The Hamburg University of Technology, the main tenant in the HAMBURG INNOVATION PORT, offers founders comprehensive support – for example, in the “Startup Dock” center, which is also located in Harburg’s inland port. The Startup Radar 2020 of the Stifterverband für die Deutsche Wissenschaft (Donors‘ Association for the Promotion of Sciences and Humanities in Germany) therefore lists the TU Hamburg among the top 20 medium-sized German universities.
Since 2013, the Startup Dock business incubator at Hamburg University of Technology has been helping resourceful young entrepreneurs turn their innovative or technology-oriented business ideas into reality. The TU Hamburg’s startup support and culture is now listed among the 20 best medium-sized universities in the Startup Radar 2020. Out of a possible 60 points, TU Hamburg scored 45.9, securing 14th place among a total of 71 German universities with 5,000 to 15,000 students. In addition to a third place for start-up activities, the TU Hamburg scores particularly well in the areas of “start-up awareness” as well as “start-up scholarships”, measured in terms of the number of students. Christian Salzmann, Executive Director of Startup Dock, talks about what it takes to turn ideas into your own business and how Startup Dock can help.
What are the first steps at Startup Dock if I want to found a company?
After an initial contact, we, together with the founders, thoroughly examine the business idea. The founding team then explores with potential customers whether their business idea could solve a specific problem well and whether they would be willing to spend money on this particular product or service. We then check whether the idea is eligible for funding. If it is, the funding usually happens through the EXIST funding program of the German Federal Ministry for Economic Affairs and Energy (BMWi). And we have been successful: Since 2018, almost every application has been approved.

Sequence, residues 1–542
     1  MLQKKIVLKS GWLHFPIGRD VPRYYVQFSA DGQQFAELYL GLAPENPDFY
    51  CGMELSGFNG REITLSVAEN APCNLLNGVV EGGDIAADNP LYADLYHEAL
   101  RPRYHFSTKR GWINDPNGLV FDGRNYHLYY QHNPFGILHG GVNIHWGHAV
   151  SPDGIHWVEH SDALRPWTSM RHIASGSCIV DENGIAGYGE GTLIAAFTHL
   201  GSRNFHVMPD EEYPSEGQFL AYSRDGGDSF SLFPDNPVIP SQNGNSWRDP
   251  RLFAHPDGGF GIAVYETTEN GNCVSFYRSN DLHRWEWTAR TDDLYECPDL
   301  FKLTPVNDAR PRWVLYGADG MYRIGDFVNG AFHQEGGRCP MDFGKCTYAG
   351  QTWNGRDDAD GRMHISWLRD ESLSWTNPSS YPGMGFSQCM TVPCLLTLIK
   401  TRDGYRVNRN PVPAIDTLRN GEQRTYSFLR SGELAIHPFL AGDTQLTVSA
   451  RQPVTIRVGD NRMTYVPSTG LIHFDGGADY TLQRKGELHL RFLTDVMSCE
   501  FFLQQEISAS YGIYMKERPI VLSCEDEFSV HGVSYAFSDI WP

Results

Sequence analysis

What does it take from the founders afterwards?
When the time comes, the teams, which usually consist of two or three members, move into an office in Startup Dock for a year. Their main task is to develop and build a prototype of their product there and, of course, to tap into the market and customers.
Where does Startup Dock help with this?
During the year, we advise the teams through experts and external companies on site and support them in workshops. After all, they should be fit after twelve months on the subject of setting up a company. This includes learning everything they need to know about marketing and sales or how best to acquire customers. Our core task is to train and network the people.
Where do you see the greatest difficulty in setting up a company?
The first challenge is becoming an entrepreneur, to plan and decide like one. For some, this is an intense but exciting learning process. At the end, the teams must have entered the market and be able to cover the early growth phase from revenues without further funding. This is the basis for building a business. Funding, such as EXIST or InnoRampUp from the Hamburg Investment and Development Bank (IFB Hamburg), is only available at the beginning. After that, the startup must be able to stand on its own feet.
The Startup Radar is produced by the Stifterverband in cooperation with the German Federal Ministry for Economic Affairs and Energy. The project is also supported by the Marga and Kurt Möllgaard Foundation. It is a series of studies that has been conducted approximately every two years since 2012. It is currently probably the most comprehensive comparative database on startup support at universities in Germany.